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Georgie Steward’s November Gardening Club

The last few days have been full of sunshine and it has been a wonderful tonic to be out in the garden, making the most of it while we can. The garden is about to go to bed – more of a cat nap than a sleep really – as there is so much magic going on under the ground.  Lots of plants are already showing their new growth and at any moment we will be giving the lawn its last cut so as to avoid damaging the noses of new daffodil shoots. Exciting times!


I have decided to leave most of my dahlias in situ and cover with a thick layer of mulch to protect them from too much cold and wet. Simply cut down the blackened stalks (after first frost) – the stems are hollow – to avoid water dripping down to the crown inside and therefore rot taking hold, try to bend the stems over to the ground before laying your mulch as an extra security. Mark where they are with stakes and keep your fingers crossed!

Cutting Back

Cutting back now makes the place look a bit tidier, makes room for any bulbs or shrubs/perennials you may want to plant and first and foremost it is good for the plants – it helps them on their way into dormancy and encourages them to store energy in their roots, restore and recuperate, ready to burst forth in the spring with new life.

I start by taking out any annuals such as cosmos that are past their sell by date, moving on to anything particularly tender like dahlias and salvias which i either dig out and pot up to store in a frost free environment or leave in and mulch heavily. Then I tackle the stalwart of my borders – the herbaceous perennials. Plants like Nepeta, Astrantia, Campanula, Geraniums can all be cut back hard to the ground, clearing any debris along the way to avoid encouraging any infection.

Rose Pruning

I was taught to use the Sissinghurst method which looks at tackling climbers and ramblers first in November and only then do you move on to the shrub roses. I tend to spread this out over Winter and don’t get to pruning my shrub roses much before Christmas.

Prune climbing roses by removing old stems and any damaged or crossing new growth and by cutting all lateral shoots back to a healthy leaf bud. Try to train new stems horizontally to encourage maximum blooms.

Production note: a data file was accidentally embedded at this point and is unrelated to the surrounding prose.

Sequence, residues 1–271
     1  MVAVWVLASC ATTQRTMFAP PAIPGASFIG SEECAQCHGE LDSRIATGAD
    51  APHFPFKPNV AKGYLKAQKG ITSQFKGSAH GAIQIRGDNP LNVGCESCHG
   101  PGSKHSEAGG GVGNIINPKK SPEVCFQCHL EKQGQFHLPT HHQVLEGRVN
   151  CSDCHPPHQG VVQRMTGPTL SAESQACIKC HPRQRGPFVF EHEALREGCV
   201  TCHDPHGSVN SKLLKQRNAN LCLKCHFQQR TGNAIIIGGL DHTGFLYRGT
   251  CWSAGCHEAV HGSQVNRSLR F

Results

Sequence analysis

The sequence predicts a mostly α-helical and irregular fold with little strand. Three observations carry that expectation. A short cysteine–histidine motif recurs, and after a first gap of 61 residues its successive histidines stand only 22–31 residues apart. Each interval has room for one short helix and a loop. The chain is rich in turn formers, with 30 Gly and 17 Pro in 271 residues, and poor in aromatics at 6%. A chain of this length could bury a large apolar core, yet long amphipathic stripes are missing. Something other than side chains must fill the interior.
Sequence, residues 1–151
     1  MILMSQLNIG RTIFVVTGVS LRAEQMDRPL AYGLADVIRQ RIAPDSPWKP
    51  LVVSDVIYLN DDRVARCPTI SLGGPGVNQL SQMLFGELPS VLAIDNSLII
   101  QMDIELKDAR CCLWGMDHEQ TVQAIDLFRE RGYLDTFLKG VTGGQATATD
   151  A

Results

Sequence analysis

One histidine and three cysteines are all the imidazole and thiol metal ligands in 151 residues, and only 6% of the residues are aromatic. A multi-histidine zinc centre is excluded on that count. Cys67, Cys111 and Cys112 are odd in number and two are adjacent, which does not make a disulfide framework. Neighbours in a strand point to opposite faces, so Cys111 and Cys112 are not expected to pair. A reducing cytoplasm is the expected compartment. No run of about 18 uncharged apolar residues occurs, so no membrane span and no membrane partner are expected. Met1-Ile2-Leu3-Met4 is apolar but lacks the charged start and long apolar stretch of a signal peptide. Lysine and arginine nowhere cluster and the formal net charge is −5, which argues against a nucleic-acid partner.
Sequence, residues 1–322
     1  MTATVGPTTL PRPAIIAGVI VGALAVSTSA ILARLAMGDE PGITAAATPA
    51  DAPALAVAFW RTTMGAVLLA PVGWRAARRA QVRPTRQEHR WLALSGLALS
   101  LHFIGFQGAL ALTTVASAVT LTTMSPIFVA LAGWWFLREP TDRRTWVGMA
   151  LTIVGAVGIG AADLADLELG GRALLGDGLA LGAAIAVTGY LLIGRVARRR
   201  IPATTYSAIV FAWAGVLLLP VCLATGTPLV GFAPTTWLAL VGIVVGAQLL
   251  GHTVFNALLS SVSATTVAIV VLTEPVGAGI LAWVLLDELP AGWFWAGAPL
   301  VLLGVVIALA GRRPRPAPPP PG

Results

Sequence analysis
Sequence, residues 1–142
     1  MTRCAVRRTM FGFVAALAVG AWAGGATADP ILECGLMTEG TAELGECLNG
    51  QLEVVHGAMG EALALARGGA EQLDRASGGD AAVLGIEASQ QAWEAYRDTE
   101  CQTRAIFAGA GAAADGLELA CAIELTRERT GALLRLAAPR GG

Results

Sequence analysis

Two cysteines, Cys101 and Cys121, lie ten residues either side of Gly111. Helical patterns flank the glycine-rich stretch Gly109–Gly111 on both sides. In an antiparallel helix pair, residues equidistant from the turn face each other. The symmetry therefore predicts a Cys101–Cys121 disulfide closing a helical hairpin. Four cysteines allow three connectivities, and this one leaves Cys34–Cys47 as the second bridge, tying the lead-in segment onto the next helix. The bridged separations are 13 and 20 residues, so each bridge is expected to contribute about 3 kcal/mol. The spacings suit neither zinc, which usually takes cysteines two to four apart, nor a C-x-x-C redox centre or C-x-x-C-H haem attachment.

To mulch or not to mulch!

The answer is definitely – always mulch! It really is one of the most important things we can do in our garden. We expect so much of our soil and the plants in our borders, that we need to give something back which will in turn support them again.  There is however a debate as to when best to do this. For me, I mulch any individual plant that I think needs it now to protect it from the harshness of winter – more tender plants such as the Dahlias, Salvias, Artemesias, Penstemons are in this bracket. But I wait until February to do a blanket mulch with tonnes of mushroom compost. This is mainly because I find it suppresses the weeds for longer if I leave it later.




The sweet peas I sowed last month are now growing fast and becoming quite leggy – so time to move to the cold frame to slow things down a bit. Treat them mean, keep them keen. When they have three sets of leaves I tend to start pinching out the tops to keep them stocky and sturdy.

Keep an eye on any tiny seedlings you have in the greenhouse now. Pot any on that desperately need it, otherwise leave them in situ and cut back on the watering.


Parsnips can be harvested after the first frost to encourage a sweeter taste – I have lots of weird and wonderful shapes this year which I rather like!

Plant garlic – I bought some wonderful Elephant Garlic from The Garlic Farm – it is huge and much milder in taste – a good one to try as something different you won’t necessarily see in the supermarkets.


Tulips – Go Go Go! November is the best time to plant your tulips. Good drainage is essential so if your soil is particularly heavy, add some grit to the planting hole. The deeper you plant tulips the stronger and straighter their stems will be.

Narcissi/Hyacinth – continue to plant for indoor blooms throughout the cold dark winter! If you have already planted some in pots in the shed, be sure to check that how they are doing/whether they need watering. Bring them in when the shoots are about an inch tall.

Amaryllis – If you want Amaryllis flowering for Christmas now is the time to plant them. They like a snug fit and good drainage. Plant now and keep somewhere warm.

A Plea for Trees

November is a great month for bare root tree planting – think about going for a tree with all year round interest if you possibly can – bark, blossom and berries is my mantra!  Varieties of Prunus such as ‘Shirotae’ and ‘Taihaku’ have the most gorgeous blossom in the Spring and Malus x robusta ‘Red Sentinel’ is amazing for blossom, berries and autumnal colour. However the Acers really trump them all when it comes to the glow of autumn and on my wish list this year is Acer palmatum ‘Osakazuki’ which turns fiery red in October/November.


Follow fanatical gardener and plantaholic Georgie on instagram @georgielovestogarden

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